Combinatorial approaches to probe the sequence determinants of protein aggregation and amyloidogenicity

Christine Wurth, Woojin Kim, Michael H. Hecht

Research output: Contribution to journalReview articlepeer-review

14 Scopus citations


Elucidation of the molecular determinants that drive proteins to aggregate is important both to advance our fundamental understanding of protein folding and misfolding, and as a step towards successful intervention in human disease. Combinatorial strategies enable unbiased and model-free approaches to probe sequence/structure relationships. Through the use of combinatorial methods, it is possible (i) to probe the sequence determinants of natural amyloid proteins by screening libraries of amino acid substitutions (mutations) to identify those that prevent amyloid formation; and (ii) to test new hypotheses about the mechanism of formation of amyloid fibrils by using these hypotheses to guide the design of combinatorial libraries of de novo amyloid-like proteins. Here, we review how these two approaches have been used to study the molecular determinants of protein aggregation and amyloidogenicity.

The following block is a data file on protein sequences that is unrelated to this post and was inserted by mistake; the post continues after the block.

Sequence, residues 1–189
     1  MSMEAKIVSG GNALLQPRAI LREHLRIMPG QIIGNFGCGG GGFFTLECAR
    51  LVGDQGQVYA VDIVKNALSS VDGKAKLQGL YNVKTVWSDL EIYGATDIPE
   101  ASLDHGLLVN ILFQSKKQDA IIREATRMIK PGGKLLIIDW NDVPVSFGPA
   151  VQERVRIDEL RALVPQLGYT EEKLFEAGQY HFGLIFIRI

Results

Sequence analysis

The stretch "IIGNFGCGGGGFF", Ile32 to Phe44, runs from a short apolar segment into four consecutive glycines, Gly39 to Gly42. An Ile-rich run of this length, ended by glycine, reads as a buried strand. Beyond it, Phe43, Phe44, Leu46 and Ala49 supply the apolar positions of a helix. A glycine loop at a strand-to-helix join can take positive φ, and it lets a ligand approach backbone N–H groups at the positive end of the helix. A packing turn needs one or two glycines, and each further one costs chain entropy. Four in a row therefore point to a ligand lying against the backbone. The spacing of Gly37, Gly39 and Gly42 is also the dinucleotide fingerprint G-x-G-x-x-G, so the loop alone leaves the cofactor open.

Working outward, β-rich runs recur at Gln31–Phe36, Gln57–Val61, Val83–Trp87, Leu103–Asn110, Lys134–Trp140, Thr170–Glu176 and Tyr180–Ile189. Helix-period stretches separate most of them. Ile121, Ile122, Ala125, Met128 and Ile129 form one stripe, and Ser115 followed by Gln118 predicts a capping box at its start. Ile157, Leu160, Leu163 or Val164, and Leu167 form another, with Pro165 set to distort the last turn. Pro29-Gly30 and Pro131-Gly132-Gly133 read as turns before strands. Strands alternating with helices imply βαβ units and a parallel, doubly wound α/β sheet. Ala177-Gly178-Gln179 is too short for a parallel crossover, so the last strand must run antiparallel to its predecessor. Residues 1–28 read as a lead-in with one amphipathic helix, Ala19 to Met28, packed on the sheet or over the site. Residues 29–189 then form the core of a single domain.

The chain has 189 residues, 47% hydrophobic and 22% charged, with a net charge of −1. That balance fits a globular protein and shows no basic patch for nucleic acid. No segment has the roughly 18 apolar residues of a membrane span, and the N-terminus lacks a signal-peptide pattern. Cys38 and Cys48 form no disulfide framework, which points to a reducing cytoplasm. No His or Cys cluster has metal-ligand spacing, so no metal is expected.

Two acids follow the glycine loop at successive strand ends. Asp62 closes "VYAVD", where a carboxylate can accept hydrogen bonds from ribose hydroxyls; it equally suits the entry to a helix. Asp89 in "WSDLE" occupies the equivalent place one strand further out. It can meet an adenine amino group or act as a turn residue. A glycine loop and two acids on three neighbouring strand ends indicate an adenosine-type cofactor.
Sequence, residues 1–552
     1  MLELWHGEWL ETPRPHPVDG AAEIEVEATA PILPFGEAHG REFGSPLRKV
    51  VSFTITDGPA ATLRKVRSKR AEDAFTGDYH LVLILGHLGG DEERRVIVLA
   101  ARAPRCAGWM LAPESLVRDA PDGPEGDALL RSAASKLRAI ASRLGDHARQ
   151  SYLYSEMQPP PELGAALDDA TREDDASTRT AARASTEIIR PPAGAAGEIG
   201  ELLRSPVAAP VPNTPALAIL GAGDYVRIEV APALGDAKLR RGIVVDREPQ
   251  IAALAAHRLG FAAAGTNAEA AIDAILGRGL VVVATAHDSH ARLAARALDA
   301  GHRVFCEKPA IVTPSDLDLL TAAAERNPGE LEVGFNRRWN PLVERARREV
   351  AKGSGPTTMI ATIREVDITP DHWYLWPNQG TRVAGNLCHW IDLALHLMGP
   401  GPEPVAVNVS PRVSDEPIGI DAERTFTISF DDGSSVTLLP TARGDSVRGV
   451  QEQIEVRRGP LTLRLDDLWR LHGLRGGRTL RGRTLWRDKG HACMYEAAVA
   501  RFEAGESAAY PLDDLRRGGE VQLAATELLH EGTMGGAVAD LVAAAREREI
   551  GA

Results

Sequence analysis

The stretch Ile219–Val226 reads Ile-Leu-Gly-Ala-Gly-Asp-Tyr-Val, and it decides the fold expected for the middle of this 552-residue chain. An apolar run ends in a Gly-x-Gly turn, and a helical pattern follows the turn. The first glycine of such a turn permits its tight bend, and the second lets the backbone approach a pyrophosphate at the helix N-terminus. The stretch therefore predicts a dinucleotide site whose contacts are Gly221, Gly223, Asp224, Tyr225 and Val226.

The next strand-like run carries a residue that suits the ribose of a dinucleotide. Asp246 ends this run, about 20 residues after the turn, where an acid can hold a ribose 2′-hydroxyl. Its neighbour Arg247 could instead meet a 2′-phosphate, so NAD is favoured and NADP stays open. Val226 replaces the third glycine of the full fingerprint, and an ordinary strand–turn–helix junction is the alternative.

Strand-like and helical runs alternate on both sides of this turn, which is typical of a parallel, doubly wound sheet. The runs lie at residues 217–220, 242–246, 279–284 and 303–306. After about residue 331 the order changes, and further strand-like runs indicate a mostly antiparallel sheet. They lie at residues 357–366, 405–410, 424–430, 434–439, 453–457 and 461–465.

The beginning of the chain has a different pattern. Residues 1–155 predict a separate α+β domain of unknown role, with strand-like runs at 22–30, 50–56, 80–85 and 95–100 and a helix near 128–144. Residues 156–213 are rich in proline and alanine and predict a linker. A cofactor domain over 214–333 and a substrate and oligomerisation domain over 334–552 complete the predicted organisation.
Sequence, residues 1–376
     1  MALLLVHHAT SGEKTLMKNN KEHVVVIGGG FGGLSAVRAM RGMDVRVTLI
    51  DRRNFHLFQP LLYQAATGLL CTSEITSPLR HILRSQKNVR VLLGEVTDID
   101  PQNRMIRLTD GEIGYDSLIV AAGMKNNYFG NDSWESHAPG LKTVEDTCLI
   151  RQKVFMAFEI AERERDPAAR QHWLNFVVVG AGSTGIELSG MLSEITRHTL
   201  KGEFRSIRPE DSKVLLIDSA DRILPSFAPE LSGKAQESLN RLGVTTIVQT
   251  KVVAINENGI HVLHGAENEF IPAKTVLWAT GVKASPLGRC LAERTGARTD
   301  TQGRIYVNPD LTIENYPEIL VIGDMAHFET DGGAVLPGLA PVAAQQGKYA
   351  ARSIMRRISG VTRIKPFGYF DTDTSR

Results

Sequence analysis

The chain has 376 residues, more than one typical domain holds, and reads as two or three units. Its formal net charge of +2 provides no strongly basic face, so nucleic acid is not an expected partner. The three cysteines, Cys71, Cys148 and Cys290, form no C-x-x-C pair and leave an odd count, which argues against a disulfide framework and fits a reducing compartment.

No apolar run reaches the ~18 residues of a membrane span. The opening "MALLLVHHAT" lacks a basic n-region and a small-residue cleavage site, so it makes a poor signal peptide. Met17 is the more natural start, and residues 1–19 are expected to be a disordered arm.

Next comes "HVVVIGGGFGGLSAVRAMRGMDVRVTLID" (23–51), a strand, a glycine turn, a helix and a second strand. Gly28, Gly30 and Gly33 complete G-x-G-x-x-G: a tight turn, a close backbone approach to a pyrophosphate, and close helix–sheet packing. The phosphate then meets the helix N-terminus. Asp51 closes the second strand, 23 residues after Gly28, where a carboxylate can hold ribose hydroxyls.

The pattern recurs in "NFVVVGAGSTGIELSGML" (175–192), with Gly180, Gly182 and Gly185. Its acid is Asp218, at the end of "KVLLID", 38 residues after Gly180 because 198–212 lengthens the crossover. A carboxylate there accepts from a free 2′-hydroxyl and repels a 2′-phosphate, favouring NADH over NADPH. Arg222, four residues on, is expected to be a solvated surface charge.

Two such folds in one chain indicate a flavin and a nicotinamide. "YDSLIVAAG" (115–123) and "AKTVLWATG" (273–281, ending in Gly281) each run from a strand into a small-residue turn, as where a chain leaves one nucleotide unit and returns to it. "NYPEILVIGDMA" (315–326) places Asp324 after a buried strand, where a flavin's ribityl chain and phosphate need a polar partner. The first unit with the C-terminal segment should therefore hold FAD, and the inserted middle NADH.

Original languageEnglish (US)
Pages (from-to)279-286
Number of pages8
JournalProtein and Peptide Letters
Issue number3
StatePublished - Mar 2006

All Science Journal Classification (ASJC) codes

  • Structural Biology
  • Biochemistry


  • Amyloid
  • Combinatorial libraries
  • Protein aggregation
  • Protein design


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